Lero researchers are shaping the way older adults will shop online

New paper outlines design principles for retailers developing virtual online stores
Image: athree23, Pixabay

24 August 2021

Researchers at Lero, the Science Foundation Ireland (SFI) Research Centre for Software, have formulated a set of design principles for retailers developing virtual online stores targeted towards older adults.

Virtual stores provide an alternative way to shop online, enabling walk-through shopping in a three-dimensional environment, replicating the shopping experience in a physical retail store to a large extent. Post Covid-19, many retailers are developing virtual stores. Some Irish retailers such as the Kilkenny Group have recently launched virtual stores.

In the paper, How can older adults shop online in the future? Developing design principles for virtual-commerce stores, the researchers outline the seven design principles they have formulated employing focus groups and semi-structured multi-lingual interviews.




Research Fellow at Lero and the Innovation Value Institute, Maynooth University Rehan Iftikhar said that while consumers show a growing preference for a memorable shopping experience in interactive environments, such as virtual store environments, over acquiring products on a traditional website, older adults (OAs) can find virtual stores difficult to navigate and use.

“While the early uptake of new technologies by older adults is still limited, especially regarding interactive technologies, such as virtual reality, retailers should not dismiss these technologies for older adults as the overall technology usage among this group is increasing substantially,” he said.

Prof Markus Helfert, director of the Innovation Value Institute and project coordinator said the requirements of OAs have not yet been sufficiently considered in the design of most VR and augmented reality (AR) applications, even though these types of applications may help overcome certain aspects of age-related challenges and limitations they experience.

“Our research aims to establish a set of design principles for VR designers to develop v-commerce stores that are OA-friendly by answering the following research question: What are the principles that can guide the design of non-immersive v-commerce stores considering the requirements of older adults?,” added Prof Helfert.

The seven principles take account of age impacted vision deterioration and cognitive abilities such as processing speed, attention span and the recognition of letters and numbers and reading skills in the paper published by the European Conference on Information Systems (ECIS) 2021, according to PhD candidate Gültekin Cakir, a research Fellow at Lero and the Innovation Value Institute, Maynooth University.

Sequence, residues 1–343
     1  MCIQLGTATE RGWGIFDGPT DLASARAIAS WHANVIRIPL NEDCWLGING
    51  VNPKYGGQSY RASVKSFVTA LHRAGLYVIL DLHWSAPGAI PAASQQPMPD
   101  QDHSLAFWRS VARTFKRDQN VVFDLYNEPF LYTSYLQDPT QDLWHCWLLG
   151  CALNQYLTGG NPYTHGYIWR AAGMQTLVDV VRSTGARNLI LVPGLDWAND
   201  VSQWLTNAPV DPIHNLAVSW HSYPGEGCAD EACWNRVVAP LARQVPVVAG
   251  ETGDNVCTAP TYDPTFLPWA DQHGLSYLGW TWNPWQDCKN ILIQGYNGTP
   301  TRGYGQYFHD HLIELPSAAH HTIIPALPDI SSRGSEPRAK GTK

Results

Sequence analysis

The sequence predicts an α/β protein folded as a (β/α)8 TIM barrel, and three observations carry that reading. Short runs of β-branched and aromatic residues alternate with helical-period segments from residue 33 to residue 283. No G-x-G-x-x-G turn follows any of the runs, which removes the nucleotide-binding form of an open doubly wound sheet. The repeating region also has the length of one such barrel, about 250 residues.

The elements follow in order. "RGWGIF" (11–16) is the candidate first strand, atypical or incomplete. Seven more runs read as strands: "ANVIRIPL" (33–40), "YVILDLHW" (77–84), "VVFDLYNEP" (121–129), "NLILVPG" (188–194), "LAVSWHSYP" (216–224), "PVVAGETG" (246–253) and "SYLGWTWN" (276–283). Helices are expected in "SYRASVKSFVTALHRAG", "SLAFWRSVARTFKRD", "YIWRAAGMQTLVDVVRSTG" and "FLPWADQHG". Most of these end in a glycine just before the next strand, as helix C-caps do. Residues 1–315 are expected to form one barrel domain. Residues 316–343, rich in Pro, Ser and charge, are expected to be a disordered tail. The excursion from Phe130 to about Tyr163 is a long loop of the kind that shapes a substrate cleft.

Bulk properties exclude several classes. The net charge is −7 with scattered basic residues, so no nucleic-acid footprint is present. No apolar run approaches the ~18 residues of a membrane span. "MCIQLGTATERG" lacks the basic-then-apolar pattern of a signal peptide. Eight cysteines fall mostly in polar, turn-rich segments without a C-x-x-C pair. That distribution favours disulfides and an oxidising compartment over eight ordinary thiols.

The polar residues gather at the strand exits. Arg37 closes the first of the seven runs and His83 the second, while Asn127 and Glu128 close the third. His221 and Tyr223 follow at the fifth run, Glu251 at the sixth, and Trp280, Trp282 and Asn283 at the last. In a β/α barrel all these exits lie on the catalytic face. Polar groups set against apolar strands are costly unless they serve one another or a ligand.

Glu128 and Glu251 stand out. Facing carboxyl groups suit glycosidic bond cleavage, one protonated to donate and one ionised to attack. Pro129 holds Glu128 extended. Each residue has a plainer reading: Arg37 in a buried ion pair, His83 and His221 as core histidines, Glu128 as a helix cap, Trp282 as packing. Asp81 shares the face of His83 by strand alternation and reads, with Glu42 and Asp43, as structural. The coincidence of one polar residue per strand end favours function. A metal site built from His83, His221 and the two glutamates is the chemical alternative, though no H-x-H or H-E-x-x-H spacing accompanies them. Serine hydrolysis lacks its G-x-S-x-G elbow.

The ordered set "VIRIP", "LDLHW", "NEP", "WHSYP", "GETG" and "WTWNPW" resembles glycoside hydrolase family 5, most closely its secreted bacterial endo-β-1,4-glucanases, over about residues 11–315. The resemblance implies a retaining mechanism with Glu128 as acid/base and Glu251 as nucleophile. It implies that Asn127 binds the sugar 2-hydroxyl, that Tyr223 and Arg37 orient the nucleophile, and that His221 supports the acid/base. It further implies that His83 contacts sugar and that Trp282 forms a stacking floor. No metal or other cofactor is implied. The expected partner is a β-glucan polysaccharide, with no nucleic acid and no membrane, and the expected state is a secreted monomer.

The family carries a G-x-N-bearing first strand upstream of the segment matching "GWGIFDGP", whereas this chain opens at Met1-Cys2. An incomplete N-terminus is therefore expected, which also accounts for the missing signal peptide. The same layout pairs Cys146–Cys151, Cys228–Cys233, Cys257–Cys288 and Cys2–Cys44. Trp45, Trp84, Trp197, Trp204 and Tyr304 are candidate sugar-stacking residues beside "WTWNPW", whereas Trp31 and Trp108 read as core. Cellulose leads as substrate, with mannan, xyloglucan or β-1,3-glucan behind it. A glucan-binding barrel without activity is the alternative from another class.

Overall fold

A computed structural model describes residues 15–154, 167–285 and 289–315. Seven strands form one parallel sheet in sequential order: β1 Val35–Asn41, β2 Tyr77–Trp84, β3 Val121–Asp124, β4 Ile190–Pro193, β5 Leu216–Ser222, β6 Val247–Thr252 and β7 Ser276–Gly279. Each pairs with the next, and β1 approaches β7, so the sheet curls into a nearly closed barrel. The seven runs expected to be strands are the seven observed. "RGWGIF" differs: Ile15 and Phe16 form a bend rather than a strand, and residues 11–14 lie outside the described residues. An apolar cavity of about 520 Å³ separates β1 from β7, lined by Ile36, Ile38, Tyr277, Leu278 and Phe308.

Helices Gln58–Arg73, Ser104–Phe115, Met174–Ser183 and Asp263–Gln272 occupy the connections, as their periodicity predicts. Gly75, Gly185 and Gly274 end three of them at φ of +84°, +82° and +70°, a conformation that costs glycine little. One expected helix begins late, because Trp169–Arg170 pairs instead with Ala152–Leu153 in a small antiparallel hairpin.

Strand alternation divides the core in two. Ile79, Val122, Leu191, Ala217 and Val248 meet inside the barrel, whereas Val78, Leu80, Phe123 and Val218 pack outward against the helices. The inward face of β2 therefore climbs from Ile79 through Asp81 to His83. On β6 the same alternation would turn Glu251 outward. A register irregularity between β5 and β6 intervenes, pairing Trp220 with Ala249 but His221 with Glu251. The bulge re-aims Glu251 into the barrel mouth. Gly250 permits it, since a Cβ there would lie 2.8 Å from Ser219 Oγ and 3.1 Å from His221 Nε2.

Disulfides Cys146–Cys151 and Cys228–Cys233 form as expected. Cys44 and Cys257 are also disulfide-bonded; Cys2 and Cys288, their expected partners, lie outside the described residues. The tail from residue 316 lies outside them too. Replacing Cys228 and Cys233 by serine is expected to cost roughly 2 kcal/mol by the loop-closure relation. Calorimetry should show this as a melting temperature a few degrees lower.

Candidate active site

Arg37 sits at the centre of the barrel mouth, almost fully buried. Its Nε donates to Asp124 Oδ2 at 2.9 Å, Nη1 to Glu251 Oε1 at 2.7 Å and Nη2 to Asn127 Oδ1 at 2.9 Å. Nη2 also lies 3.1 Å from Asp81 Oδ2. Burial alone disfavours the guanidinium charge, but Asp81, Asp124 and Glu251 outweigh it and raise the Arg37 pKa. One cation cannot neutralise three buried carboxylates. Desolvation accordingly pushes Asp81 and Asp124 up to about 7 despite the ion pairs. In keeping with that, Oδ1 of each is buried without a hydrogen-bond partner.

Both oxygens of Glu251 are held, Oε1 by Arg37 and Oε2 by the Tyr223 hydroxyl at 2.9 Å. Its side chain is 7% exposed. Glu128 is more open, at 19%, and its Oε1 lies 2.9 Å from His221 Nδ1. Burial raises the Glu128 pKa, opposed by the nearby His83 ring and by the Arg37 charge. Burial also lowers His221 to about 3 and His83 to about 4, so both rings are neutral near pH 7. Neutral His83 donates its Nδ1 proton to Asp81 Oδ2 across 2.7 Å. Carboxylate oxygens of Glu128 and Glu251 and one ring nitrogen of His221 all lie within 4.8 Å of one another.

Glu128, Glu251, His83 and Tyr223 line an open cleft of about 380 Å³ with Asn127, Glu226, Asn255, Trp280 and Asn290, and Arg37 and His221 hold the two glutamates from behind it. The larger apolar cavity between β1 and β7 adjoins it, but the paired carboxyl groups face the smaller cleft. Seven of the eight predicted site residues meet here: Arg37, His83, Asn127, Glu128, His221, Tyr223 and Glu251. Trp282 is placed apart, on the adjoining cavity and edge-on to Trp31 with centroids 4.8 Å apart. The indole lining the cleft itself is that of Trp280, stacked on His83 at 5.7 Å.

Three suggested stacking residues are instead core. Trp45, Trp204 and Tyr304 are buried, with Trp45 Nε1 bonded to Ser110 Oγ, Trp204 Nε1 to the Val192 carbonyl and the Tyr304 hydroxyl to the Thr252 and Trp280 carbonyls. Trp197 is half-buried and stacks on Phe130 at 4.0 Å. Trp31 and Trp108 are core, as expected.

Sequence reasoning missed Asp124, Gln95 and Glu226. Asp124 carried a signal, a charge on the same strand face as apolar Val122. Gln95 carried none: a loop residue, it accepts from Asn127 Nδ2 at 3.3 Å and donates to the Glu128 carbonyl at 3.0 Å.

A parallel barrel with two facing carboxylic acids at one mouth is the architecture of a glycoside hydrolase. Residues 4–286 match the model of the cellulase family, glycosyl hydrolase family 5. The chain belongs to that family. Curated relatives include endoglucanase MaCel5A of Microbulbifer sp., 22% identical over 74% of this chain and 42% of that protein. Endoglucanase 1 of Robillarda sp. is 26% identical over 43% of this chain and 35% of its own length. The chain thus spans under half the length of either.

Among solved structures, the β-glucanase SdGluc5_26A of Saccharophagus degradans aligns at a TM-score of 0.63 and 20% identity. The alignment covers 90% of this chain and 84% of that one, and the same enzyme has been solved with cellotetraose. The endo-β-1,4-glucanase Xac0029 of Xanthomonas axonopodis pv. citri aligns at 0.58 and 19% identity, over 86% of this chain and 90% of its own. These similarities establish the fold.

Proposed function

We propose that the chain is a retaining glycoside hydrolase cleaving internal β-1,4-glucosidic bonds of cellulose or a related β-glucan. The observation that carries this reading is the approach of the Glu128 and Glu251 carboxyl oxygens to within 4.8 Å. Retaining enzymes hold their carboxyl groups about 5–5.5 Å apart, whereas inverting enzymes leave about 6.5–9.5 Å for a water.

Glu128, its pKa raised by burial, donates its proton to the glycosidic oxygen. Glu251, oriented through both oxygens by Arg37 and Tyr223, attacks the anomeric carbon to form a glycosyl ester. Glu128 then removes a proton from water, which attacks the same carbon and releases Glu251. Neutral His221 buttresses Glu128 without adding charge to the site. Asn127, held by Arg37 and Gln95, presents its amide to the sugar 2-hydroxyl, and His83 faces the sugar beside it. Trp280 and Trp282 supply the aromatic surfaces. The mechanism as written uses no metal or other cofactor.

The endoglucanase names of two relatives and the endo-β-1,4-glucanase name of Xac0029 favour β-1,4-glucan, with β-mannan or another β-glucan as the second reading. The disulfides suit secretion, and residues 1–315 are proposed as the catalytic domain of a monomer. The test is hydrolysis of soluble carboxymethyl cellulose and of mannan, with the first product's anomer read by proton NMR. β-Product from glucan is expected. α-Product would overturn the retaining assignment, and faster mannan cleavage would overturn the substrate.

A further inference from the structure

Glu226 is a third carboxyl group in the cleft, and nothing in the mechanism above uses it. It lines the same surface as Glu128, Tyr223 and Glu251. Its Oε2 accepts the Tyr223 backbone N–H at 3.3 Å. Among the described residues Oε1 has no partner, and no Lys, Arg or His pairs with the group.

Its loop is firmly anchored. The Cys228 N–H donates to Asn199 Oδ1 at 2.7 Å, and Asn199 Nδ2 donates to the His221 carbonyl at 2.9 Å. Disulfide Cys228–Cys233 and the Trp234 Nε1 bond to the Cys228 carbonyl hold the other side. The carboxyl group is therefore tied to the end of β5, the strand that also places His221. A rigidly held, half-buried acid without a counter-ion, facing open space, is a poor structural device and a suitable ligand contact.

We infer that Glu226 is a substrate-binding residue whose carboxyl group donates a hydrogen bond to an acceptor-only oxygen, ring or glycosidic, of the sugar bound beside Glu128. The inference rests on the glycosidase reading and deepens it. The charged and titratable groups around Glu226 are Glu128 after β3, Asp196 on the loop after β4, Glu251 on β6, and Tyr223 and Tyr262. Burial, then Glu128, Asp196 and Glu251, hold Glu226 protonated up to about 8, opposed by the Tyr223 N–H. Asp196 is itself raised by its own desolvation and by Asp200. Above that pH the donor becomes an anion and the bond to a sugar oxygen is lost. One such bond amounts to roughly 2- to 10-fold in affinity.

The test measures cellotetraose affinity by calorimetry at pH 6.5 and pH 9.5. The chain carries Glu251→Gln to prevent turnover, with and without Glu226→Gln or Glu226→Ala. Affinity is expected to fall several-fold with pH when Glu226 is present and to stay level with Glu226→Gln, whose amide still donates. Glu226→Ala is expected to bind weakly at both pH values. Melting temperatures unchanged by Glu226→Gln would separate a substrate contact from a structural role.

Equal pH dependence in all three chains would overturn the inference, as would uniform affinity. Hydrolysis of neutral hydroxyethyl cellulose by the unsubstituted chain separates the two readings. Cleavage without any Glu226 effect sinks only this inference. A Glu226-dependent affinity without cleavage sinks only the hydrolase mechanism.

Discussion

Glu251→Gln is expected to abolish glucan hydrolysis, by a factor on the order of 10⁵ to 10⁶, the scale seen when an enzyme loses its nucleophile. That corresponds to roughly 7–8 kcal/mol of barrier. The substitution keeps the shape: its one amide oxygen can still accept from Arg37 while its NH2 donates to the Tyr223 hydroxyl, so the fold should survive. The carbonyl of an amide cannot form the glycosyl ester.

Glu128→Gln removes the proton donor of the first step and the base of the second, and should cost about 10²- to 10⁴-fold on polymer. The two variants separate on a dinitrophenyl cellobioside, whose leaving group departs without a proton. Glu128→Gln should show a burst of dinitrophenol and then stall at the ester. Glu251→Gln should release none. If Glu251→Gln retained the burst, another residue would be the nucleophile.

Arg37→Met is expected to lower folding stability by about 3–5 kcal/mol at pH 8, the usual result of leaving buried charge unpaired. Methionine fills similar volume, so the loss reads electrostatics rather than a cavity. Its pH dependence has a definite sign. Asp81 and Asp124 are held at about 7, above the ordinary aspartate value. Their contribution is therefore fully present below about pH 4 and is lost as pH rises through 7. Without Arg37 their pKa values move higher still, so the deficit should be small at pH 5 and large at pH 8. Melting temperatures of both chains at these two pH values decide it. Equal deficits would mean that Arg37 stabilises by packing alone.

“These seven design principles address the key elements of the shopping experience in the v-commerce store, such as navigation in the store, display of products, and general store design, and typical requirements of OAs, especially regarding their motoric, cognitive, and emotional needs and preferences,” he added.

The seven design principles are as follows:

  1. Integrate the key touchpoints of the physical store in the composition of the v-commerce store. For example, if the physical store employs someone to welcome customers, this should be replicated in the v-commerce store.
  2. Provide an adequate amount of information concurrently,limit the number of elements and amount of information concurrently visible on the screen and ensure that it is easily identifiable and understandable
  3. Allow a tolerance for errors in the interaction with elements of the v-commerce store. For example, adding a confirmation requirement before a new phase can be entered. Further, an “undo”-button could be provided to undo actions made by mistake easily.
  4. Provide easily accessible, simple, and timely assistance that guides a v- commerce store user— for example, a tutorial at the beginning or an always available and easily accessible help button. This allows OAs to use the v-commerce store independently without help from others.
  5. Provide a complementary set of formats for information provision and a choice between these formats. For example, product information, like product details, price, and delivery time, could be provided by a textual description, complemented by a button to play an audio file that reads the information out loud.
  6. Make different types of v-commerce store elements distinguishable from each other. For example, designers could use a colour coding scheme for separate store elements or reduce complexity in patterns and shading.
  7. Make navigation as simple as possible, for example, by implementing predefined paths in the v-commerce store. Another option could be to choose an easily understandable layout (e.g., having only one or a few aisles).

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